Augustine’s Confessions: At a Distance from God

Sunday, April 10, AD 2011

In Book 3 we saw Augustine’s fall away from the Church, in Book 5 we will see the beginning of his return. Book 4, however, is focused primarily on his years as a Manichean.

This is where we get the fairly brief description which is nearly all we have on Augustine’s longest romantic relationship:

In those days I lived with a woman, not my lawful wedded wife but a mistress whom I had chosen for no special reason but that my restless passions had alighted on her. But she was the only one and I was faithful to her. Living with her I found out by my own experience the difference between the restraint of the marriage alliance, contracted for the purpose of having children, and a bargain struck for lust, in which the birth of children is begrudged, though, if they come, we cannot help but love them.

We also hear a bit about Augustine’s life as a hot shot young rhetorician. In addition to his Manichean beliefs, he falls into consulting astrologers frequently, in part to learn the auspices when he’s entering major academic competitions. At one point, a magician of some sort offers to assure that he will win a competition, but although Augustine finds the idea that that stars and planets can influence worldly events appealing (and has no qualms about consulting astrologers and books of astrology) he recoils at the idea of the magician sacrificing animals to dark powers in an attempt to secure a victory for him.

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2 Responses to Augustine’s Confessions: At a Distance from God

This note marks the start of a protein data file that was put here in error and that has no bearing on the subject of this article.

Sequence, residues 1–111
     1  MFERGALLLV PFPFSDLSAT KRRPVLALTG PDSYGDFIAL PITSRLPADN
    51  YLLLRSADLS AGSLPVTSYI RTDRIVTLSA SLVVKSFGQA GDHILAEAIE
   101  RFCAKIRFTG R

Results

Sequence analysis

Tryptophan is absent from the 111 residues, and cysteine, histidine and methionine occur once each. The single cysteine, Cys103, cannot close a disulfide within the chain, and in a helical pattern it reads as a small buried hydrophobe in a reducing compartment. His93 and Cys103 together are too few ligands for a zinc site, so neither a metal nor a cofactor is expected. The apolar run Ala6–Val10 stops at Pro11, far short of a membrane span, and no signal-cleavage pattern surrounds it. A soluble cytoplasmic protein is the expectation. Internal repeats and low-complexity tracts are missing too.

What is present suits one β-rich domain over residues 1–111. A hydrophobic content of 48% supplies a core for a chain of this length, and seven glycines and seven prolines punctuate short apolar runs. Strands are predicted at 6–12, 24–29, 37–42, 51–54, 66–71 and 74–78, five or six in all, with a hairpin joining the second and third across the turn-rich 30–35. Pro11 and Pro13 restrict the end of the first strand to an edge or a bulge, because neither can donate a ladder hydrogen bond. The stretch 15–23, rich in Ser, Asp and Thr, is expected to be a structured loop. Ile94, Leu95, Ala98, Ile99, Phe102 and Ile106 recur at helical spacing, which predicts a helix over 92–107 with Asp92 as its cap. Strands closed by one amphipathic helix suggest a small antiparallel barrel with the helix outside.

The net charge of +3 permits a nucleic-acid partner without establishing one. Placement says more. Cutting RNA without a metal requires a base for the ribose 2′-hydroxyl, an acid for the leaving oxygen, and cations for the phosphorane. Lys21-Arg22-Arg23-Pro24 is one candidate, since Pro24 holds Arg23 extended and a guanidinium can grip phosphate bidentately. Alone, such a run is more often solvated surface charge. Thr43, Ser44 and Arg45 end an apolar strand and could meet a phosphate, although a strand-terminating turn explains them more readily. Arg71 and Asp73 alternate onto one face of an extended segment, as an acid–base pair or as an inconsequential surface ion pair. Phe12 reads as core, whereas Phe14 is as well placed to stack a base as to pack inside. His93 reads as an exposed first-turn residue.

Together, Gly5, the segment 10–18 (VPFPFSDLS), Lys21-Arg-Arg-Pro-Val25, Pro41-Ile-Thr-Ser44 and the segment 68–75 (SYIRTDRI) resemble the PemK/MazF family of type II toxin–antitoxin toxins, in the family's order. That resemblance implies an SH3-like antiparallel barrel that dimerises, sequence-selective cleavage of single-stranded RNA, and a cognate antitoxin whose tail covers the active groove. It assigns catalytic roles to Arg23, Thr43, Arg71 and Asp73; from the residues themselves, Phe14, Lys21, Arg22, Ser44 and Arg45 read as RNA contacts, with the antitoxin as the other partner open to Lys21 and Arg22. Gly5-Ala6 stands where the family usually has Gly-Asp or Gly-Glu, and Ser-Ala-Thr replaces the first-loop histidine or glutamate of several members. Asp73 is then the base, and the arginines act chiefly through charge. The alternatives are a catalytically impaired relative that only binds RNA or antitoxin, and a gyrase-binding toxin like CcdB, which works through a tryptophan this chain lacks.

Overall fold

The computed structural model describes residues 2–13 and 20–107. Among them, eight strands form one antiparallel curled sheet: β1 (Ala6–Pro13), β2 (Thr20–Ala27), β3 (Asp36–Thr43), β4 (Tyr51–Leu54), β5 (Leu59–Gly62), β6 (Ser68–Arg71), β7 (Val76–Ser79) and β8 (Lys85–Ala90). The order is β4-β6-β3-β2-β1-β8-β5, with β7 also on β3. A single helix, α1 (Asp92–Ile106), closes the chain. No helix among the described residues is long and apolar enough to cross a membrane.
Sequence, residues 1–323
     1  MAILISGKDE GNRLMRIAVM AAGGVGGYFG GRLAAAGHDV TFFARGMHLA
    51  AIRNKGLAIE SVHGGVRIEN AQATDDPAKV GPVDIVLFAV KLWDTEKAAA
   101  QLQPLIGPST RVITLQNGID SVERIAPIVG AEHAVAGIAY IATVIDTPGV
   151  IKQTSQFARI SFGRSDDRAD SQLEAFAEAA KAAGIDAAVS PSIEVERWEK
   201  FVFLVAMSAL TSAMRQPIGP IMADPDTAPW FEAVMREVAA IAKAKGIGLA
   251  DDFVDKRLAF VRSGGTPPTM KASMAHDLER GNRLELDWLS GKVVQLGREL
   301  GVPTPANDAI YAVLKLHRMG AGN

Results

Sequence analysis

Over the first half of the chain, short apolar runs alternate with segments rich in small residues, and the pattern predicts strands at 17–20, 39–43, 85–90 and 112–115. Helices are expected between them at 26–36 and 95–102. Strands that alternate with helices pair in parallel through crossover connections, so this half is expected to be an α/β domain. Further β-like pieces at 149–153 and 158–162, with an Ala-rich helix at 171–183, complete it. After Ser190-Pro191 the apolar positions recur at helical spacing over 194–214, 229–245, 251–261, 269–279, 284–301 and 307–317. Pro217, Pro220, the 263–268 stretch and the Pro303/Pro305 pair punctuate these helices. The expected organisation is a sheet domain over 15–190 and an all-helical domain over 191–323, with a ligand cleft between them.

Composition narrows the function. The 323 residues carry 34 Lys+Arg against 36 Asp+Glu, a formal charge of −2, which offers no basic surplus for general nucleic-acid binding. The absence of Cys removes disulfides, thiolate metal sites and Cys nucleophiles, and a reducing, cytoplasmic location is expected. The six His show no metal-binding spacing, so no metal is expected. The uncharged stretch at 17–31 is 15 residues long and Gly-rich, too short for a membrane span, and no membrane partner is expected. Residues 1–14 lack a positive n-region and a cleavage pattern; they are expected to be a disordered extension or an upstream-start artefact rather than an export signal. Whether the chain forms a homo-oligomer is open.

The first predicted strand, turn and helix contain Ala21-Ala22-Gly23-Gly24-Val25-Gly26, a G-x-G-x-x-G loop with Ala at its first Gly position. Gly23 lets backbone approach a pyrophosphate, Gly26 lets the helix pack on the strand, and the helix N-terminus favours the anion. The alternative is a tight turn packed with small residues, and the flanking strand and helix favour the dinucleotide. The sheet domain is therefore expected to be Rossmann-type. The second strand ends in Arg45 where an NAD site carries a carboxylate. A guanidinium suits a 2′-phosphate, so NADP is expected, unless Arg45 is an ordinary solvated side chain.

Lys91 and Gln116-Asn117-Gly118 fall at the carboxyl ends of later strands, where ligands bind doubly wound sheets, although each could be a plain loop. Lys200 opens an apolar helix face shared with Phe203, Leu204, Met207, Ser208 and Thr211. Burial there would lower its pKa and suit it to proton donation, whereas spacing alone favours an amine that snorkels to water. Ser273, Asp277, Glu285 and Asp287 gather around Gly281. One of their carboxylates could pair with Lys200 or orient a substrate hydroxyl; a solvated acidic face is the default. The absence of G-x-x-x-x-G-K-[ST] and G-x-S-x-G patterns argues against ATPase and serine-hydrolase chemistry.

• It seems to me that St Augustine left his concubine when he was ready to go on another road. There was nothing in his situation – if one excludes class or tribal considerations – that would have prevented him from regularising his relationship into a proper marriage. There are quite a few men like that, who having decided that they cannot handle both whole- hearted service to their destiny and an ordinary family life, choose to give up on the latter.

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Augustine’s Confessions: An Elusive Love

Tuesday, March 29, AD 2011

Book 3 finds Augustine studying in Carthage. On the personal front, the adult Augustine accuses his late-teen self of being consumed by lust, but he hasn’t yet found a specific person to get into trouble with.

I had not yet fallen in love, but I was in love with the idea of it, and this feeling that something was missing made me despise myself for not being more anxious to satisfy the need. I began to look around for some object for my love, since I badly wanted to love something.

Of course, from his authorial vantage point, Augustine sees that what he was searching for in the most final sense was God. Lacking God to love, he sought about for other things — sex first among them — which he thought would fill that lack.

Yet even acknowledging that God is our deepest and ultimate need, there’s also something that’s very familiarly human about Augustine’s phrasing here.

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Augustine’s Confessions: Sin for the Sake of Sin

Monday, March 21, AD 2011

In Book 2, we find Augustine (the character) as a teenager, while Augustine (the author) takes the opportunity to think about what makes us sin. The connection will be familiar to us all. Augustine talked about Original Sin in Book 1, that tendency which we can see even in very young children towards selfishness in which we can see the rooted tendency towards self over others which is at the root of sin. But that selfishness of childhood is largely unthinking. It is as we enter late childhood and early adolescence we attain the ability to think about sin in a way much like that of adults, but with the drives almost unique to adolescence. Augustine sees this in his past self and doesn’t like what he sees: